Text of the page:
Cracker Barrel Old Country Store (NASDAQ: CBRL ) is an interesting play in the casual restaurant scene. The company has delighted its retail investors with consistent gains over a multiyear period, though it has simultaneously attracted the ire of its largest investor: Sardar Biglari of Biglari Holdings (NYSE: BH ) . Though Biglari has posted hundreds of millions in gains from Cracker Barrel, the activist investor remains convinced that management is poorly allocating capital and ultimately damaging value to shareholders. In recent earnings, Cracker Barrel does look to have cooled a bit, with figures that came in at or below expectations. While much of this can be attributed to crazy winter weather and a still timid consumer-spending situation, is Cracker Barrel's period of stellar performance settling down?
Absent of the weather
Management claims that the rough weather in December and January caused the company to take a 2.5% hit in traffic as well as restaurant and retail sales. But according to the oft-cited Knapp-Track index, the company still outperformed on traffic and same-store sales figures -- marking the ninth quarter in a row it has done so.
Cracker Barrel is best known for its home-cookin'-style dishes -- biscuits and gravy, steak and eggs, and other calorie-laden items that thrived best before the U.S.'s broad health awakening. But management is prioritizing moves to address the more conscious customer with a Better-For-You menu. Wisely, the menu is not a full-blown Good-For-You one, as that would anger die-hard Cracker Barrel fans who yearn for copious amounts of cholesterol.
Same-store restaurant sales declined 0.6% while retail sales declined 3%. While the numbers are certainly a reversal of prior earnings periods, investors should keep in mind management's comments. Factoring in the weather, comparable restaurant sales supposedly would have risen about 2%. On a traffic basis (excluding the positive benefit of average check increases), December showed a disheartening 4.8% drop.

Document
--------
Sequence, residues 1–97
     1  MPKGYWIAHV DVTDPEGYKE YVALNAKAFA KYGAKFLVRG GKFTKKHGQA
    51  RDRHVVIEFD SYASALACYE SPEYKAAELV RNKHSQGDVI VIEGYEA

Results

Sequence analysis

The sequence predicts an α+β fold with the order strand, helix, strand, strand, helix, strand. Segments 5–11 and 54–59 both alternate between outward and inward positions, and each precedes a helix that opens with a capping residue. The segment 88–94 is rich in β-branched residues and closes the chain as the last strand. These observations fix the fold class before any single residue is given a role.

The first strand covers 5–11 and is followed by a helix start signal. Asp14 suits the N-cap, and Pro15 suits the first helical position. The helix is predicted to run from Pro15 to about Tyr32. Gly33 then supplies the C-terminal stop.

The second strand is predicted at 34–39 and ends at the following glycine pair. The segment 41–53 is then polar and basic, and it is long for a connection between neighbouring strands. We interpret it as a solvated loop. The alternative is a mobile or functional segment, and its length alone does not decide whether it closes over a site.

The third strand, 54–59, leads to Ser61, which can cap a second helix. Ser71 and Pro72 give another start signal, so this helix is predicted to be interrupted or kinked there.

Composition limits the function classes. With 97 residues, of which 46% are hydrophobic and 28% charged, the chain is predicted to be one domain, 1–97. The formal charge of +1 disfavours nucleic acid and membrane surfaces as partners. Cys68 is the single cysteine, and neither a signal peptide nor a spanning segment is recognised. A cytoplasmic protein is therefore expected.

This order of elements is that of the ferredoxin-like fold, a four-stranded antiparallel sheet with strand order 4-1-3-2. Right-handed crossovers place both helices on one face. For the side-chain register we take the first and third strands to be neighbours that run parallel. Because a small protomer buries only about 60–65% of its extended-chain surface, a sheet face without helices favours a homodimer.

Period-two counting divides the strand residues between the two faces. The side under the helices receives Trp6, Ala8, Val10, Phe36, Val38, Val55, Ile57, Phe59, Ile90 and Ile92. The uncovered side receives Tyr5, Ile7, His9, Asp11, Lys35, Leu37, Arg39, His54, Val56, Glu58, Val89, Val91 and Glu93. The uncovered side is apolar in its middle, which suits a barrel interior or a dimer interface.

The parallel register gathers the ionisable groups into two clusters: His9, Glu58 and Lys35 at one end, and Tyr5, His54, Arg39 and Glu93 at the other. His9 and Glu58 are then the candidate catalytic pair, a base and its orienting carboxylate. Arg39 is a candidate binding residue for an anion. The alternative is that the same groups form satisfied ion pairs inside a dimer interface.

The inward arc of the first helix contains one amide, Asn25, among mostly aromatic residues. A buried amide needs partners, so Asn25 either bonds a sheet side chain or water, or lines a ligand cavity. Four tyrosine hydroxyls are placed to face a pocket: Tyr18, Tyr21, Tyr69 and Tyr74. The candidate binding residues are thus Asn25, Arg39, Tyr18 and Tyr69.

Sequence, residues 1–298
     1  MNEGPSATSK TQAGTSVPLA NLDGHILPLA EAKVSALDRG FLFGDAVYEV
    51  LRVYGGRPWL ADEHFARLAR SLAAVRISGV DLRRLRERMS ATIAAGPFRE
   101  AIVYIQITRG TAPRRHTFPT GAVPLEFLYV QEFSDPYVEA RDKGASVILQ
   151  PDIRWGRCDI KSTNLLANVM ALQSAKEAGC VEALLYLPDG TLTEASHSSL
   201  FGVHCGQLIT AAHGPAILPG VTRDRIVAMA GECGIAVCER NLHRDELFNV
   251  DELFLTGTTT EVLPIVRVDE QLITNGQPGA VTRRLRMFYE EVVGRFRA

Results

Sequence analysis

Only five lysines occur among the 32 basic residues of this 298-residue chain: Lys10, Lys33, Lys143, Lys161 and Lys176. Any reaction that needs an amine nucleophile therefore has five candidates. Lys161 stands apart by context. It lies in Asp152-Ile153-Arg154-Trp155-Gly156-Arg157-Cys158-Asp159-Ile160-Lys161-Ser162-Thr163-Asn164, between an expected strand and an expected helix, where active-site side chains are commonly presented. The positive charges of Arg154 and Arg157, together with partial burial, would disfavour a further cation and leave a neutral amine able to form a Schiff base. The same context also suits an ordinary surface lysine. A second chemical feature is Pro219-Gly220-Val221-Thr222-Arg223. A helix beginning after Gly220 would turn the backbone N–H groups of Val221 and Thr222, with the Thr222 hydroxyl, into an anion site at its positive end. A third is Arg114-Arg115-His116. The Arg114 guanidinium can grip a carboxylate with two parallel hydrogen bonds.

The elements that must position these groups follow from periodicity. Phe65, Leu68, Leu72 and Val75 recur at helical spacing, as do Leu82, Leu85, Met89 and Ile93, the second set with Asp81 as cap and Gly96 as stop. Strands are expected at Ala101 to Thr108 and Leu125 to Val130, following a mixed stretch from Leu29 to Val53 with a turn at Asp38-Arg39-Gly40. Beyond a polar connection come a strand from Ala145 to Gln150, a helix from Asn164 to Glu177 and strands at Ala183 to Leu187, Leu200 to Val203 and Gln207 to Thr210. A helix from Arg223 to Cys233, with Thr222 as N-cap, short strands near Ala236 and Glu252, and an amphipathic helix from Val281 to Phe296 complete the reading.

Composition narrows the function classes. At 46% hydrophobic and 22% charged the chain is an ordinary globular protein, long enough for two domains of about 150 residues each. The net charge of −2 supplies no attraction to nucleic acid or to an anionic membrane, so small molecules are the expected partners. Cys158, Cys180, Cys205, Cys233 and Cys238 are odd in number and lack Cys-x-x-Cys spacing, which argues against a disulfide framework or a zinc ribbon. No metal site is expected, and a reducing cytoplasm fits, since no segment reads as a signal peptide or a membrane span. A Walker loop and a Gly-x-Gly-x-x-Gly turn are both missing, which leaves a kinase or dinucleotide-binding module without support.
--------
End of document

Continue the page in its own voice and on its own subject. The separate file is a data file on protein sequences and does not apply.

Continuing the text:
Interestingly, management stuck to its prior issued guidance of $5.60 to $5.80 per share, and believed the number would come in around the midpoint. Full-year 2014 same-store sales figures are projected to grow between 1% and 2%.
Seemingly, the company is not seeing an organic drop-off in demand from road-weary travelers. This past quarter, though below analyst expectations, appears to be an aberration.
Biglari's demand for a chunky one-time $20-per-share special dividend (in addition to a couple of board seats) does not appear to be gaining any more traction among the rest of the company's investors. In the meantime, the proxy battles are mounting more and more expenses for Cracker Barrel and pressing on earnings. It's an interesting question for investors. On one hand, Biglari has proven himself to be one of the casual restaurant industry's expert capital allocators, but there isn't much evidence beyond his allegations that suggest Cracker Barrel's existing strategy of new store openings and product innovation is hurting investors.
Investors should not worry about Cracker Barrel's just-ended quarter, as it appears irrelevant in the grand scheme of things. It is worthwhile, though, to consider the dissenting opinion, especially considering the substantial growth (both in operations and stock price) that the company has already booked.
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